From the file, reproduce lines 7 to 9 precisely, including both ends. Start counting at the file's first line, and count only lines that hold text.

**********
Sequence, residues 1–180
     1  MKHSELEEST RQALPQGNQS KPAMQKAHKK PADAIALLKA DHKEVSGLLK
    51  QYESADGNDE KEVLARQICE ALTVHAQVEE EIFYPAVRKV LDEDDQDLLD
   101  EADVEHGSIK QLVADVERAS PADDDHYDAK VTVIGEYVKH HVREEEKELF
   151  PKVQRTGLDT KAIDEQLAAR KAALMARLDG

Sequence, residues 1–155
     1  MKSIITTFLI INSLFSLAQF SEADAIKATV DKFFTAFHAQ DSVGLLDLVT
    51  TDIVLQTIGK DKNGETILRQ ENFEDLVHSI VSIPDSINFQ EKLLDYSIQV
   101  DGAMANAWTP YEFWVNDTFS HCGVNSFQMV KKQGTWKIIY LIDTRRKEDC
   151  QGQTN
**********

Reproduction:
     1  MKSIITTFLI INSLFSLAQF SEADAIKATV DKFFTAFHAQ DSVGLLDLVT
    51  TDIVLQTIGK DKNGETILRQ ENFEDLVHSI VSIPDSINFQ EKLLDYSIQV
   101  DGAMANAWTP YEFWVNDTFS HCGVNSFQMV KKQGTWKIIY LIDTRRKEDC